Design on the move

Architects have designed some pretty shocking cars in their time, but Buckminster Fuller took it a bit more seriously with his three-wheeled Dymaxion
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The Independent Online

Years ago, when I was a writer for Chris Tarrant (it's a long story, all right?), one of the things that convinced me of his basic soundness was the fact that, not so very much earlier, he'd been reduced to living in his car. He'd apparently rather enjoyed it, and had even managed to get his post delivered there. I don't know what kind of car it was, but somehow I always imagine it was a big clunky Ford Granada or the like, certainly nothing sleek or sculptural.

Years ago, when I was a writer for Chris Tarrant (it's a long story, all right?), one of the things that convinced me of his basic soundness was the fact that, not so very much earlier, he'd been reduced to living in his car. He'd apparently rather enjoyed it, and had even managed to get his post delivered there. I don't know what kind of car it was, but somehow I always imagine it was a big clunky Ford Granada or the like, certainly nothing sleek or sculptural.

And I began to think of Le Corbusier's much-quoted line about a house being a machine for living in, and it seems perfectly logical that if your house is going to be a machine, it might as well be a machine on wheels that can take you places. There's also that twaddle from Roland Barthes about cars being "almost the exact equivalent" of Gothic cathedrals, so you can see why architects might have some affinity with cars. A building is a great way for an architect to impose his will on a single site or environment, but with a car he can impose his will all over the place.

Ivan Margolius, in his exhaustive recent book Automobiles by Architects (Wiley-Academy, £27.50) from which the illustrations above are taken, gives details of various weird vehicles created by architects. Some of these vehicles, such as Frank Lloyd Wright's Road Machine, which looks like Cinderella's coach, or Renzo Piano's Flying Carpet experimental truck, which was to be made largely out of ferro-cement, never made it off the drawing-board, and you can understand why. Some that did, such as Norman Foster's solar electric vehicle for Kew Gardens, or Walter Gropius's diesel railcar, make you think they were wise not to give up the day jobs.

London's Design Museum holds in its permanent collection a car designed by Le Corbusier called the Voiture Minimum. It looks like a Beetle and comes from much the same period. It was designed for a competition, which it didn't win, and even though it's only a plywood mock-up, you can still tell that his heart wasn't really in it.

Buckminster Fuller, whose work is celebrated in an exhibition on the lower floor of the museum, took car design a lot more seriously. One of the most fascinating exhibits shows some film footage of Fuller's pod-shaped, three-wheeled Dymaxion car of 1933. There are plenty of photographs of this car around, and I remember seeing the thing itself displayed in a motor museum in Reno, but I'd always had trouble imagining it in motion. Yet there it is, on screen, sweeping through Depression-era New York traffic looking like a space vehicle from some science-fiction movie.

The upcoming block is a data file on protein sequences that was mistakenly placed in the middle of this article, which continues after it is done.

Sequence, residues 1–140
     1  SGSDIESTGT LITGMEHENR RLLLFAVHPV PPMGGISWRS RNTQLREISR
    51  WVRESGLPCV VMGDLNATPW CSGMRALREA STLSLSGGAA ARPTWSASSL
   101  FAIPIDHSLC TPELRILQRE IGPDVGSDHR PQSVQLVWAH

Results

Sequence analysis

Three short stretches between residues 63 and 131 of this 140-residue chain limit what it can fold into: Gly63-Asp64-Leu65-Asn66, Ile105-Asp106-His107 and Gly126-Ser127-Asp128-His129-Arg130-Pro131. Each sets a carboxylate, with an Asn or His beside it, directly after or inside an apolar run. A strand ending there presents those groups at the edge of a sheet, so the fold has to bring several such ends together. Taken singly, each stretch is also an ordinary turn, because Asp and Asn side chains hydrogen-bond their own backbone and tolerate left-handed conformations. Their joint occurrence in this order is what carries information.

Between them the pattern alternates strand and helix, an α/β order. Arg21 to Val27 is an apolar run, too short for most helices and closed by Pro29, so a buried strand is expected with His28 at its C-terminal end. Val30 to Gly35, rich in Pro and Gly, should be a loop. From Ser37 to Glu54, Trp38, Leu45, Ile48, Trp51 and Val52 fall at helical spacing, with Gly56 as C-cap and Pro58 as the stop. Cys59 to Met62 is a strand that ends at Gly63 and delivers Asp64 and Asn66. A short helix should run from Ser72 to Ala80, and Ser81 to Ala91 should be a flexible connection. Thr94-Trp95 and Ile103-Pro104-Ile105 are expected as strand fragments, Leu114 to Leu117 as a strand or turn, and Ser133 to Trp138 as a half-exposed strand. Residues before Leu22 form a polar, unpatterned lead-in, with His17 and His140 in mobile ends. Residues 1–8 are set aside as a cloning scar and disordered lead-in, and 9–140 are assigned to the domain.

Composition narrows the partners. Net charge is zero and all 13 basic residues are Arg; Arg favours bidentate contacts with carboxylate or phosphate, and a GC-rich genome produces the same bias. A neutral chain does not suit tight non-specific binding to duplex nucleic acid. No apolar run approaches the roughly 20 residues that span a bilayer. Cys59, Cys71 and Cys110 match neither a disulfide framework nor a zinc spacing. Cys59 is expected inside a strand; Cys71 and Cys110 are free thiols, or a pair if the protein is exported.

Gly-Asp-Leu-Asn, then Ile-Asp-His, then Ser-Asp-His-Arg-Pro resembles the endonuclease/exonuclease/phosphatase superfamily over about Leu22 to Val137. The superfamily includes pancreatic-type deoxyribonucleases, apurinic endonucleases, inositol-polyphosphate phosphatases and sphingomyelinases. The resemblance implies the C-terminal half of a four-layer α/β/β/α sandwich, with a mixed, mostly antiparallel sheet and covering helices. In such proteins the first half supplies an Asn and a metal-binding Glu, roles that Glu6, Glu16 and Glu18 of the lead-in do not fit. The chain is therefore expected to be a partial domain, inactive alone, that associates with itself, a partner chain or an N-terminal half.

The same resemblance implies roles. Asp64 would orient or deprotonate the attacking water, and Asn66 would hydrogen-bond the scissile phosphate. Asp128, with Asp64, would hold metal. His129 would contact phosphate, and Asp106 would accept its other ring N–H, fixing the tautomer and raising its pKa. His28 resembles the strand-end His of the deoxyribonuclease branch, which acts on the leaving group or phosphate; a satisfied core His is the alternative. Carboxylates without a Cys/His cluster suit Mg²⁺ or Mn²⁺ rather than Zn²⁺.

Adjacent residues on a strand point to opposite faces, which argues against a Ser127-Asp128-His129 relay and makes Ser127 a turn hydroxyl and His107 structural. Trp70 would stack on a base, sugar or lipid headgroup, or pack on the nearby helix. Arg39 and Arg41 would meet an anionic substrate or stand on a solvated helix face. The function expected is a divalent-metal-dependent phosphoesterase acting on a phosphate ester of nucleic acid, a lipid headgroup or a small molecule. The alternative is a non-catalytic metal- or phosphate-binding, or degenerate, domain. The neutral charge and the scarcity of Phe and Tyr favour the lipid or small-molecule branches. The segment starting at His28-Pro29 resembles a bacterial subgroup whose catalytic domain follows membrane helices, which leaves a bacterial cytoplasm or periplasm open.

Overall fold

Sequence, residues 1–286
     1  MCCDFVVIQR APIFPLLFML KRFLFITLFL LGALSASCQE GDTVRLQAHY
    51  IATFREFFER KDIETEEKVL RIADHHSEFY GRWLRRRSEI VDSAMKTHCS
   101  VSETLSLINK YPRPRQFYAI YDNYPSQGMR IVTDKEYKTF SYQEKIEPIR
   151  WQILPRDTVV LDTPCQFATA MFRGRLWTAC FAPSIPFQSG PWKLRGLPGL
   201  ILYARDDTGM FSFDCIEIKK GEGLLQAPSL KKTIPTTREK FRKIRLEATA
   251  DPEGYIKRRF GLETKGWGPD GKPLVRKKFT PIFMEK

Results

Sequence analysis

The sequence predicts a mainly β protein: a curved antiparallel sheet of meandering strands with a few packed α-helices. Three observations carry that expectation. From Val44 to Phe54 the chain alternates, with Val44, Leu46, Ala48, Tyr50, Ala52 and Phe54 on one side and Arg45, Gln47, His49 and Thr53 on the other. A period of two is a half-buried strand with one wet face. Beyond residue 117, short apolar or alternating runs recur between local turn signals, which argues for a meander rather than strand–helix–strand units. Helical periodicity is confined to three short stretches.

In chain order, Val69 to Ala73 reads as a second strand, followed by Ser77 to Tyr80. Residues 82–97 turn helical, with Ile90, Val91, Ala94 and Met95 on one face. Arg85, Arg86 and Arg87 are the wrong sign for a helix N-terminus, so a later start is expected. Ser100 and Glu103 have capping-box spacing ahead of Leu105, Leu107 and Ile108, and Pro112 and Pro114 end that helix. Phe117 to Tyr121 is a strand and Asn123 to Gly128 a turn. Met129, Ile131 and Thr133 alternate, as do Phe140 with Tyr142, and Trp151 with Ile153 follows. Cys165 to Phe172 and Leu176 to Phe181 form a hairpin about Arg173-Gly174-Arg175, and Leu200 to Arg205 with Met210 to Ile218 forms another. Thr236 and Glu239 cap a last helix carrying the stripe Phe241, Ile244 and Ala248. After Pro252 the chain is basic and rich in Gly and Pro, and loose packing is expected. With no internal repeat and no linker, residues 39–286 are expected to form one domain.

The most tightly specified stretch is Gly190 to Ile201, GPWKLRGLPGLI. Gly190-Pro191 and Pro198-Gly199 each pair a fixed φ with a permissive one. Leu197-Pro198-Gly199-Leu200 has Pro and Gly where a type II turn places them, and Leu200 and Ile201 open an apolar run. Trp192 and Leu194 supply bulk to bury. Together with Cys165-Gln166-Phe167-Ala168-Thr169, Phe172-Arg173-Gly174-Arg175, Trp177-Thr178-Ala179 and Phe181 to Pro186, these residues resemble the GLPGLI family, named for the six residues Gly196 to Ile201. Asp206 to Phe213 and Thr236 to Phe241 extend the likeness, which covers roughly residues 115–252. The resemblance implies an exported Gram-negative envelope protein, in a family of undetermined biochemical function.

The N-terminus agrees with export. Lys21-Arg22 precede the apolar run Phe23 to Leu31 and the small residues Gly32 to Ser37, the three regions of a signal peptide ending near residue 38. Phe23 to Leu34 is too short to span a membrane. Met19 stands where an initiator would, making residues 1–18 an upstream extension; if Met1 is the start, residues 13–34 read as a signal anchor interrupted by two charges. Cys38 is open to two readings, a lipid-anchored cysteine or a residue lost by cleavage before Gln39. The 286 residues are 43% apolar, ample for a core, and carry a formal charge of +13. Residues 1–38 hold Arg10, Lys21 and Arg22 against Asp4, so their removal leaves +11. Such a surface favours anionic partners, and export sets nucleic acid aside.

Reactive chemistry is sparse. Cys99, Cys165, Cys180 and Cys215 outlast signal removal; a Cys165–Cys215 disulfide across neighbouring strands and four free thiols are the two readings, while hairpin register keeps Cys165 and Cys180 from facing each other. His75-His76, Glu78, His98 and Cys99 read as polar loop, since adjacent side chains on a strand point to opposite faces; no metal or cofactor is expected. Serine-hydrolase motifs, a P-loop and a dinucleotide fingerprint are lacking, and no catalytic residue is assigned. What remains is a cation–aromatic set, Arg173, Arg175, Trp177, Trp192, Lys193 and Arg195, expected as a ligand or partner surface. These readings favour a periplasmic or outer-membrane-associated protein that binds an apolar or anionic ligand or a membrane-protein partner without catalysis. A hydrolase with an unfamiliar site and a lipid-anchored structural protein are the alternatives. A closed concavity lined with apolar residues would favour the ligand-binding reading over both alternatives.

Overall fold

Perhaps this is only to be expected from the man who coined the term "Spaceship Earth". Fuller's architecture was always "here to go". His first patent, in 1928, was for a prefabricated tower block that could be delivered to any location in the world via airship. Forty years or so later, he came up with the idea of Tetra City - a floating metropolis for a million inhabitants.

American hippies loved Fuller's espousal of mobility; an impulse that would lead some of them to hit the road in VW Campers. If they put down roots at all, it might well have been in one of Fuller's geodesic domes. They might have been surprised to learn that in 1940, he designed something called the Mechanical Wing - a collapsible trailer, containing a bath, toilet and kitchen, but no beds. It looks as square as anything that could be found on an English caravan site. Much hipper, and not unlike the Dymaxion car, are the streamlined, aluminium-bodied Airstream trailers. They too date from the 1930s, although they weren't conceived by an architect but rather by Wally Byam, who originally built them in his backyard.

The news is that various cutting-edge California architects are incorporating vintage Airstreams into their projects. Felderman & Keatinge Associates used one as a waiting-room at MTV's Santa Monica HQ, and three of them are used as editing suites at Pinnacle Studios in Los Angeles.

A man called Tom Hawver claims to be working on a project to create a community of people living in Airstreams on the rooftops of Manhattan. Certainly there are plenty of New York apartments that seem no roomier than a decent-sized saloon car.

There's a gorgeously underplayed scene in David Cronenberg's Crash, where the deranged car-crash addicted Vaughan shows his quite spacious workshop to the "hero" James Ballard, who says, "Do you live here?" Quietly, and with complete finality, Vaughan replies, "I live in my car."

Well, his car does happen to be a very cool 1963 Lincoln convertible, more stylish and monumental than most of the cars, and indeed houses, that the majority of us are ever likely to own. It was also John F Kennedy's death car. A car can be a machine for dying in as well as living in.

Geoff Nicholson's new novel, 'Bedlam Burning', is published by Gollancz, £16.99

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